In terms of sound quality, these perform decently well. The mid- to upper-bass region is boosted quite a bit, which gives you a deep and heavy bass without being overly boomy or muddy. The mid-range is underwhelming. The lower-mids are boosted to compensate the upper-bass boost, while the mid-mids are recessed, pushing main vocals to the back of most tracks. The upper-mids are neutral and should help the upper harmonics of lead vocals. For treble, the low-treble is neutral and natural, which helps balance backing vocals and lead instruments. However, the rest of the treble region is rather lackluster as there is a significant boost that will not only make sounds such as vocals and cymbals sound sibilant, but creates a rather muddy treble region. Overall, the sound is very much V-shaped where the bass and the treble are boosted, and the mid-range suffers quite a bit.

Lastly, these offer Micro-USB for charging instead of USB-C, which is pretty typical of headphones in this range. The 059s are also lacking AAC or aptX Bluetooth audio codecs support, only having support for the SBC codec. Which, again, is pretty typical of headphones in this price range.

Pros:

  • Passive noise isolation
  • Battery Life
  • Foldable, portable design
  • Color options

Cons:

  • Bluetooth 4.1
  • No AAC/aptX Bluetooth audio codecs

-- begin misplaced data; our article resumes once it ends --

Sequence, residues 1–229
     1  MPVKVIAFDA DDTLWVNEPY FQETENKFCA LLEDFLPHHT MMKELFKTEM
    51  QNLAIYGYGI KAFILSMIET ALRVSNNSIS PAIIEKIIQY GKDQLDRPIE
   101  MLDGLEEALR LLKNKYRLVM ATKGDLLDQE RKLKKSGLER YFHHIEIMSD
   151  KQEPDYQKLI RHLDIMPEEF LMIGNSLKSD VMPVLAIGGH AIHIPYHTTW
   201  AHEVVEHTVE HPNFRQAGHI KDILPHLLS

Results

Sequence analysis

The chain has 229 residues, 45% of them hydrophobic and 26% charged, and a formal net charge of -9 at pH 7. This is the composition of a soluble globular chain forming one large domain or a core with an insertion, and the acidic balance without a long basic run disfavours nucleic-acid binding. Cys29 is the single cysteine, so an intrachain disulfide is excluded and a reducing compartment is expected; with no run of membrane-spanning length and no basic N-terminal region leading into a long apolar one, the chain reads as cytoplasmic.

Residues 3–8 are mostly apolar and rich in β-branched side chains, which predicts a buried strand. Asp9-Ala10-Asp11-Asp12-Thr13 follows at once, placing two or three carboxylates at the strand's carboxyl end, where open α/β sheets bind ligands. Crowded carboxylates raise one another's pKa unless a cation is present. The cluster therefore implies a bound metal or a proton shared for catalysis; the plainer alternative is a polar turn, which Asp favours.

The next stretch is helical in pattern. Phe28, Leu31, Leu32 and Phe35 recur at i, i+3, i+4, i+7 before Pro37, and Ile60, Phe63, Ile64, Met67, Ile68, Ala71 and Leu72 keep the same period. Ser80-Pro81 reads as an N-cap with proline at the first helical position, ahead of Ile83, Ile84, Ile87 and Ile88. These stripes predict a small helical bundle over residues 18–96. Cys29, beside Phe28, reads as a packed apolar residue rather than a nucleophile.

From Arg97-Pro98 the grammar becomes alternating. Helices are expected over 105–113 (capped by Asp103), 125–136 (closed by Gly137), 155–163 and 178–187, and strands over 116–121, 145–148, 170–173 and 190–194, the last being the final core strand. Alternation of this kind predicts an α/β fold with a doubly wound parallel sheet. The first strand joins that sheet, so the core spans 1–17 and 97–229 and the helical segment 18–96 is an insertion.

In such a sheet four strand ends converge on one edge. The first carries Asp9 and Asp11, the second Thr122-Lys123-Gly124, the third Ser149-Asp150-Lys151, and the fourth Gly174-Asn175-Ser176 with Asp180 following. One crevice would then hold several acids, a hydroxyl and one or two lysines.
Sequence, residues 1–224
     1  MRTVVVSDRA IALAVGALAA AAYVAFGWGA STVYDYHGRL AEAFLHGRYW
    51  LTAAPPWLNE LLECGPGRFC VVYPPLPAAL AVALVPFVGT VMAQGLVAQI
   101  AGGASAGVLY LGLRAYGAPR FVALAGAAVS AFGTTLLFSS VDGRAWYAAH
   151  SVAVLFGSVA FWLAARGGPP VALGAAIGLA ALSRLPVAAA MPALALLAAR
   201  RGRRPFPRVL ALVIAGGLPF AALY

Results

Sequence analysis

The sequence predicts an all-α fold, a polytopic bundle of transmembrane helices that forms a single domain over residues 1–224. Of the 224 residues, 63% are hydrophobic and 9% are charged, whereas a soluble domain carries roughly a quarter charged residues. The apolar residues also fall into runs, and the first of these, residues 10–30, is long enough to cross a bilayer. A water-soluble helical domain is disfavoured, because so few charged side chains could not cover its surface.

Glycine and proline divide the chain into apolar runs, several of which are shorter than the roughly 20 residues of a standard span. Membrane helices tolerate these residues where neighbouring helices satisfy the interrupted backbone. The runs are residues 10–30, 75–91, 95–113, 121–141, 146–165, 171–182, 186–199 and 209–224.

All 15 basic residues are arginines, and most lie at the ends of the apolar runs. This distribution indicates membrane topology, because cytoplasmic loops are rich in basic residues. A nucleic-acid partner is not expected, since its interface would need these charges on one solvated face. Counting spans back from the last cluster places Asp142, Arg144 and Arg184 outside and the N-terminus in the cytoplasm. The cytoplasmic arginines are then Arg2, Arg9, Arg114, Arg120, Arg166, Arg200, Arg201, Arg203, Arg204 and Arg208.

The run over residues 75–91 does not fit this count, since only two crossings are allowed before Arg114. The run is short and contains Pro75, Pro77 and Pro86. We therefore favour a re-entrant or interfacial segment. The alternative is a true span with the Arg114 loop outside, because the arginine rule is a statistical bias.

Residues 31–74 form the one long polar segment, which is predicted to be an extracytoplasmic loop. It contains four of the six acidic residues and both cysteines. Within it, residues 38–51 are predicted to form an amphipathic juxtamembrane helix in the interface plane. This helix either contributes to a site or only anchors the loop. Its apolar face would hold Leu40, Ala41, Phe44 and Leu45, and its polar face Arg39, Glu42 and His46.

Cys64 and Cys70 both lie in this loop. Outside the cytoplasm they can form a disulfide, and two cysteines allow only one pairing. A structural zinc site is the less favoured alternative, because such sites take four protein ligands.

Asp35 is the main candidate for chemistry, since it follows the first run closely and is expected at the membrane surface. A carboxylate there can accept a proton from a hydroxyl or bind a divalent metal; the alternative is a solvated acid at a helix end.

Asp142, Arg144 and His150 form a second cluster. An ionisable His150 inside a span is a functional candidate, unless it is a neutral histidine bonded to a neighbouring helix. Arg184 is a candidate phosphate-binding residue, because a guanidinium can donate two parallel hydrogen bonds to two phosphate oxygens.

• Micro-USB

Best Over-Ear

Mpow 059

Solid over-ear introduction

The Mpow 059s are super comfortable and last up to 20 hours over Bluetooth. The V-shaped sound will be okay for many, and the different color options are a nice touch.

Best On-Ear: Skullcandy Grind

So maybe you don’t like over-ear headphones because they block out too much noise, but truly wireless earbuds don’t block enough noise. That leaves on-ear headphones, and that’s where the Skullcandy Grind comes in.

They are super comfortable and can be used for several hours at a time without any signs of pain or fatigue. In terms of build material, they’re surprisingly good. The Grind features a predominantly metal design that feels rugged and sturdy.

It supports Bluetooth 4.1 and just the basic SBC Bluetooth audio codec. That means this will work with most, if not all, Bluetooth smartphones, tablets, computers, etc. But this also means it doesn’t support any of the higher quality Bluetooth audio codecs such as AAC or aptX. While most people won’t hear the difference, the main advantage of something like AAC or aptX is its much lower latency. If you plan only to use these for audio, this won’t matter. But if you’re planning to play games or watch videos, use the included 3.5mm cable.

In terms of sound quality, the Grind perform decently well. There is a slight bass boost that is virtually impossible to hear, a decent mid-range that has an increase in the upper mid-range which equates to a slightly brighter overall sound. The treble region is mediocre at best. Those with sensitive ears may want to avoid the Grind due to its excessive treble boost. Due to the treble boost, treble-heavy tracks and even some more balanced tracks may sound piercing to the ear.

Another potential downer is the use of micro-USB instead of the new USB-C standard. This isn’t a huge deal if you have older devices, but if you’ve upgraded your phone, tablet, or computer within the last few years, it more than likely has a USB-C port on it somewhere. Fortunately, the Grind makes up for it by having a decent 12-hour battery life that will last you all day.